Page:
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Looking at options -- dead heat pump compressor

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Mithramuse
Mithramuse Member Posts: 3
Hi all,

I've been reading this site for a while now, mainly as regards hydronic under-floor heating (I installed tile on around half my first floor, and it's COLD in the winter); finally joined a couple-few months back thinking to start asking questions, but life, well, gets busy sometimes.

A recent unwelcome addition to the general busyness is the discovery that the compressor on my outdoor heat pump has died. Since part of my problem with the current setup in my house is the wintertime heating bill (roughly 4x the electricity consumption compared to summer! And the house is electric-only), I was looking at radiant floor heating of the first floor as a way to one, offset the use of the heat pump somewhat, and two, make for a nice warm floor. I just wasn't sure whether using an electric boiler or water heater (non-heat pump; there's no internal conditioned space large enough for that) would actually improve energy efficiency compared to the air-to-air heat pump.

With the demise of the heat pump compressor, though, I'm casting my net a little wider. First, a few details:
1) The house is two stories, around 2,430 square feet on two roughly equal stories.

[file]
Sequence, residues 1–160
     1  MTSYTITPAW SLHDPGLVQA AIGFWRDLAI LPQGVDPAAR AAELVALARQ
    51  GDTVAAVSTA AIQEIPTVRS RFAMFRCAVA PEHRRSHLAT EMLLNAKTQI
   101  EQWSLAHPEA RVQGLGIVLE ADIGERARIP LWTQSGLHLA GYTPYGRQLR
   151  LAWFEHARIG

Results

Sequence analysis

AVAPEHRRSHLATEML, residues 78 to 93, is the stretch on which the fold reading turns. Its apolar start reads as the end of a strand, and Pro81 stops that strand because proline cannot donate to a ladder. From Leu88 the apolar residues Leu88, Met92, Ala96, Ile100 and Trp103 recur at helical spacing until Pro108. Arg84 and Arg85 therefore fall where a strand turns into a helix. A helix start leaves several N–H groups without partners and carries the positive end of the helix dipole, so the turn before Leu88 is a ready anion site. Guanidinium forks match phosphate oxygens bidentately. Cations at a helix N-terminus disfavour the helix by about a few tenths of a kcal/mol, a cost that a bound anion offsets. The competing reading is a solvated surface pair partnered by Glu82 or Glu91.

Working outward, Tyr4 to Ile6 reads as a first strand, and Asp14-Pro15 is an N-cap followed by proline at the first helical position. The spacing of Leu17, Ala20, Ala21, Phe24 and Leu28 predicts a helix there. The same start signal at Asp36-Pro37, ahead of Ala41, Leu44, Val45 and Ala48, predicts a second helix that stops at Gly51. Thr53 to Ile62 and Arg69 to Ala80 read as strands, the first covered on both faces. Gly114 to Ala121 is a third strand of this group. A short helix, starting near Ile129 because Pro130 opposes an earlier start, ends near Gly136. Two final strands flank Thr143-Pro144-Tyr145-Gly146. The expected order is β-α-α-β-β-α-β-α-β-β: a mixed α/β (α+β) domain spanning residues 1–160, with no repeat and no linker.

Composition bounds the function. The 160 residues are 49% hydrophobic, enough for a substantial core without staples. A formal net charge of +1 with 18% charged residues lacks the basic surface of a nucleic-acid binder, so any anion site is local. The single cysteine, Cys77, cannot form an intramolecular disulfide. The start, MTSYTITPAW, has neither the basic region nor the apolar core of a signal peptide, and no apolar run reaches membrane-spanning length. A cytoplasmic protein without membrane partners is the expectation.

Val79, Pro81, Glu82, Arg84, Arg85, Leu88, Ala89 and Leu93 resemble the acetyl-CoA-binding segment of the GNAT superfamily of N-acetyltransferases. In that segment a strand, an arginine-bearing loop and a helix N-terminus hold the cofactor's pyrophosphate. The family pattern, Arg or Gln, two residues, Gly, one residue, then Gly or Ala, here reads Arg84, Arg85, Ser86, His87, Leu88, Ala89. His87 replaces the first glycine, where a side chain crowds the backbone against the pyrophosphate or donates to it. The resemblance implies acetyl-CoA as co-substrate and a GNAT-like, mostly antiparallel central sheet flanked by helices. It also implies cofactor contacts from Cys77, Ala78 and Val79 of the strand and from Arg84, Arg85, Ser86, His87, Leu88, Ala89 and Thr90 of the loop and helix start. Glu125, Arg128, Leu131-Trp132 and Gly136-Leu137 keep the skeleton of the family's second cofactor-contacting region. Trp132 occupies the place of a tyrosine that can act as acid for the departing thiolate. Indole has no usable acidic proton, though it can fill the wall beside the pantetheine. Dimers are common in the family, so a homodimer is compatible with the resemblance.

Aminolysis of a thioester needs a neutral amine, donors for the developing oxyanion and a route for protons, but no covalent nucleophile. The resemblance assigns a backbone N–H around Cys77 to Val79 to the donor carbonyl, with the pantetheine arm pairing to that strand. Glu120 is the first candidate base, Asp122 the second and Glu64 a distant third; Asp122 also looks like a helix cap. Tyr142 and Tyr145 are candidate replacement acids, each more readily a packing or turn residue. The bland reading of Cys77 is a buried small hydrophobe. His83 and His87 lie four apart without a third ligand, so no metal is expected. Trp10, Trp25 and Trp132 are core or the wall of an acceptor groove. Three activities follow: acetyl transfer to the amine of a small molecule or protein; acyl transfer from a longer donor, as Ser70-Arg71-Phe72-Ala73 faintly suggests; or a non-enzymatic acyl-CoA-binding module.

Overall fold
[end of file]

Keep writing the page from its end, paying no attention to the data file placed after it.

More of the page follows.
2) Existing heat pump is (was) around 9 or 10 years old, installed by the prior homeowner. I bought the house about 3 years ago. It's a 3t system, ArcoAire, 14 SEER, using R22 coolant.
3) House does not have gas service, along with my street, though some houses elsewhere in the development do have gas. Per discussions with long-time residents, construction of the development was in phases, and during some of those times there were restrictions on the gas supply so not all houses could be connected? (This is in central/southern New Jersey, Burlington County, around 30 years ago.)
4) The space to install an indoor unit may be... tight, especially for gas, so even if I could get gas I'm not sure a burner would fit. The indoor unit is in a closet off the kitchen, essentially under the staircase up to the second floor, sharing space with the hot water heater (which needs to be a compact design, no room for a full height unit). I had a high efficiency gas unit installed in my old townhouse and the furnace/AC combined unit was certainly larger than the space available in this house.
5) My outdoor unit ices up severely in wintertime, especially the last two winters it was nearly a block of ice. It's on the north side of the house so doesn't see a lot of sunlight during winter, plus the whole trying to extract heat from sub-freezing air, I'm not sure it was working very well (hence the stratospheric electric bills in winter, it was using the auxiliary resistance heaters a lot). Is NJ really a great place for an air-to-air heat pump, or is that more the only option with electric heat and the fact that the contractors did put in the ductwork when they built the place?